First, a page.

Speakers: Lindsay Ellison SC
Digital content
  •  Video File
  •  Paper

The Serpent’s Tooth
Adult Children, Estrangement and Family Provision

Claims by adult children represent the most common challenge to a testator’s wishes. For
the last 50 years, the “able bodied” child has not been excluded from bringing a successful
family provision claim against the estate of a parent. Estrangement is a lawyer’s word,
not found in the legislation. Can a parent ever successfully exclude a child following a
single argument or having been ignored for decades? Does “moral duty” always require
a parent to make provision for a child? Not surprisingly, the authorities provide no clear

Speaker:  Lindsay Ellison SC, NSW, back by popular demand
Date: 16 June 2016

Location: This seminar was delivered at the Elder & Succession Law Conference 2016, Hobart, Tasmania

Video and detailed paper (43 pages) delivered on order.


After a short and uneventful career as a suburban solicitor, Lindsay was called to the bar in 1985.  He became a Senior Counsel in 2005.  He practices principally in Equity and Probate and has appeared in many of the leading NSW Wills and Estates cases. He frequently lectures barristers and solicitors on aspects of law and practice.  He is an accredited Mediator under the Australian Mediation Accreditation System.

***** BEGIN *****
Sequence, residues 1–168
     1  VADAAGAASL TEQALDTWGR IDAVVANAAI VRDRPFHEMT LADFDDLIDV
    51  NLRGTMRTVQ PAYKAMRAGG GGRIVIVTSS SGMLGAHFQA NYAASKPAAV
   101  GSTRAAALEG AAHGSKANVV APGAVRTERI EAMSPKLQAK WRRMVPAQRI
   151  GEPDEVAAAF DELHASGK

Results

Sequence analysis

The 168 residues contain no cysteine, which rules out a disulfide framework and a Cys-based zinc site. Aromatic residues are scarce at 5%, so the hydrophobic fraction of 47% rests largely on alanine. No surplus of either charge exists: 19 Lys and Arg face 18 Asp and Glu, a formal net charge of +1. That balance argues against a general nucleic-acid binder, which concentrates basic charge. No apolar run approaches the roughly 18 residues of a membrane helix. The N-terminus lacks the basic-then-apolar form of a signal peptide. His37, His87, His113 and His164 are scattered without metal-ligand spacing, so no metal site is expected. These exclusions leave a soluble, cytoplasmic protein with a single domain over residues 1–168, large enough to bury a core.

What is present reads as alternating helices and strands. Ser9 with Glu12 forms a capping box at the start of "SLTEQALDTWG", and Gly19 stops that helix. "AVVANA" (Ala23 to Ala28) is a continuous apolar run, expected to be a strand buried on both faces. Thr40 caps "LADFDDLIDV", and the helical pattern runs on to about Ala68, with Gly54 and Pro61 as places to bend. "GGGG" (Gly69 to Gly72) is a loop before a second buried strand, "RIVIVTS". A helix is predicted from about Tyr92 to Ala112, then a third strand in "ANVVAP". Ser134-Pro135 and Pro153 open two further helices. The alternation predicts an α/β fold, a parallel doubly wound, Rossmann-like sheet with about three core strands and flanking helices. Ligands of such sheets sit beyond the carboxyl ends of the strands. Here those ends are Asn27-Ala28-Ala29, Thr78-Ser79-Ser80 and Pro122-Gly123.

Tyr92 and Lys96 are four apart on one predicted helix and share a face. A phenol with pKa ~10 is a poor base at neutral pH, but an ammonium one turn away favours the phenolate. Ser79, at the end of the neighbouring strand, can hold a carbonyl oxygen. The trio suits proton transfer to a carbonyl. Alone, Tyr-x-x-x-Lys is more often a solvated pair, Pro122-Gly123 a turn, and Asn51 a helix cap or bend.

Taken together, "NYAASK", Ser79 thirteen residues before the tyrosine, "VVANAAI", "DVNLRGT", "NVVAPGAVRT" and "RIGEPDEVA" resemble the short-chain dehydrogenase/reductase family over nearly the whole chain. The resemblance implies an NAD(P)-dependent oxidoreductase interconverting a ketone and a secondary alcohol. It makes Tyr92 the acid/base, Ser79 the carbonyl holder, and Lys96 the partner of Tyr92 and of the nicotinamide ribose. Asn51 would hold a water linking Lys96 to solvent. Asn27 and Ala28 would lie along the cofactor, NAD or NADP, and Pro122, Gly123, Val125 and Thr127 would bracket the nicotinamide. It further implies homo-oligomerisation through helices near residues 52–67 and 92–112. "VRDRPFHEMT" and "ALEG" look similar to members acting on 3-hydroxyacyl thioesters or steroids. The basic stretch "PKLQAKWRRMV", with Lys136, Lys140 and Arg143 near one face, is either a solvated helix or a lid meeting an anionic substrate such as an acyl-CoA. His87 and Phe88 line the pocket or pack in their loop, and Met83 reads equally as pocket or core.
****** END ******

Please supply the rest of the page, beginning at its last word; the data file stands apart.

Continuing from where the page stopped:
Lindsay is a former Vice President of the Australian Academy of Forensic Sciences and a longtime member of the Australian Skeptics, the Samuel Griffith Society and the Centre for Independent Studies.

He is happily married to his first wife and has two teenage children and a dog.  He has no interest in sailing, skiing, cooking or learning a foreign language and does not own a winery.  He has not the slightest intention of walking the el Camino de Santiago.  He does not wish to achieve a work/life balance.  He eats too much chocolate.

Lindsay has made over 425 donations to the Red Cross Blood Transfusion Service.  He recommends you do the same.  His philosophy is that if you draw blood, the least you can do is give some back.